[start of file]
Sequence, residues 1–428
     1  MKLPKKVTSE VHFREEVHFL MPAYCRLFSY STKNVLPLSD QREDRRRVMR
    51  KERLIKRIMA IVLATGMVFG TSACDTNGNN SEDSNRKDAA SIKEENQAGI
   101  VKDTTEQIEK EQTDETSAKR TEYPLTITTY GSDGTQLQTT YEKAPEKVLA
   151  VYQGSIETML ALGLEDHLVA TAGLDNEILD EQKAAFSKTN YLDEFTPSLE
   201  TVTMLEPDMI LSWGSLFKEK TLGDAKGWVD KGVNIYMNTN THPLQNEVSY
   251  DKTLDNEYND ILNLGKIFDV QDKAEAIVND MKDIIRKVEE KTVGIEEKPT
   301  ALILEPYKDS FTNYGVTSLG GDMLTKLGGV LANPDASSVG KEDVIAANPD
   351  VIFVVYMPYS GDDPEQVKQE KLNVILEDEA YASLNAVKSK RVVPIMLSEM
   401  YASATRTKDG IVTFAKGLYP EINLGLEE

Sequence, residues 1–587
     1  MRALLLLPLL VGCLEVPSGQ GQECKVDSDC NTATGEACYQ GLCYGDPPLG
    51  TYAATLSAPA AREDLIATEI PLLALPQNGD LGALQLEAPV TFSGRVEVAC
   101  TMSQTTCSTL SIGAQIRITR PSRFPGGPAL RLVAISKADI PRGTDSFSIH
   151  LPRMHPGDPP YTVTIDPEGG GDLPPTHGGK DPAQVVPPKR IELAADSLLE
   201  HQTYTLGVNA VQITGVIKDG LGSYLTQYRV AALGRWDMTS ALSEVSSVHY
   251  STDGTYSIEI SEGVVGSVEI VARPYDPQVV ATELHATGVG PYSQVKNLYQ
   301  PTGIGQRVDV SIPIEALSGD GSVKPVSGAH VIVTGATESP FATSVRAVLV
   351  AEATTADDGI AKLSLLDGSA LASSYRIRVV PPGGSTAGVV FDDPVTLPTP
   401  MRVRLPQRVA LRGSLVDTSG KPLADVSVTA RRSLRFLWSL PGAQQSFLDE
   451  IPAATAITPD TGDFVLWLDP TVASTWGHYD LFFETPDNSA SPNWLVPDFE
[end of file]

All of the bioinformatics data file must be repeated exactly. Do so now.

Sequence, residues 1–428
     1  MKLPKKVTSE VHFREEVHFL MPAYCRLFSY STKNVLPLSD QREDRRRVMR
    51  KERLIKRIMA IVLATGMVFG TSACDTNGNN SEDSNRKDAA SIKEENQAGI
   101  VKDTTEQIEK EQTDETSAKR TEYPLTITTY GSDGTQLQTT YEKAPEKVLA
   151  VYQGSIETML ALGLEDHLVA TAGLDNEILD EQKAAFSKTN YLDEFTPSLE
   201  TVTMLEPDMI LSWGSLFKEK TLGDAKGWVD KGVNIYMNTN THPLQNEVSY
   251  DKTLDNEYND ILNLGKIFDV QDKAEAIVND MKDIIRKVEE KTVGIEEKPT
   301  ALILEPYKDS FTNYGVTSLG GDMLTKLGGV LANPDASSVG KEDVIAANPD
   351  VIFVVYMPYS GDDPEQVKQE KLNVILEDEA YASLNAVKSK RVVPIMLSEM
   401  YASATRTKDG IVTFAKGLYP EINLGLEE

Sequence, residues 1–587
     1  MRALLLLPLL VGCLEVPSGQ GQECKVDSDC NTATGEACYQ GLCYGDPPLG
    51  TYAATLSAPA AREDLIATEI PLLALPQNGD LGALQLEAPV TFSGRVEVAC
   101  TMSQTTCSTL SIGAQIRITR PSRFPGGPAL RLVAISKADI PRGTDSFSIH
   151  LPRMHPGDPP YTVTIDPEGG GDLPPTHGGK DPAQVVPPKR IELAADSLLE
   201  HQTYTLGVNA VQITGVIKDG LGSYLTQYRV AALGRWDMTS ALSEVSSVHY
   251  STDGTYSIEI SEGVVGSVEI VARPYDPQVV ATELHATGVG PYSQVKNLYQ
   301  PTGIGQRVDV SIPIEALSGD GSVKPVSGAH VIVTGATESP FATSVRAVLV
   351  AEATTADDGI AKLSLLDGSA LASSYRIRVV PPGGSTAGVV FDDPVTLPTP
   401  MRVRLPQRVA LRGSLVDTSG KPLADVSVTA RRSLRFLWSL PGAQQSFLDE
   451  IPAATAITPD TGDFVLWLDP TVASTWGHYD LFFETPDNSA SPNWLVPDFE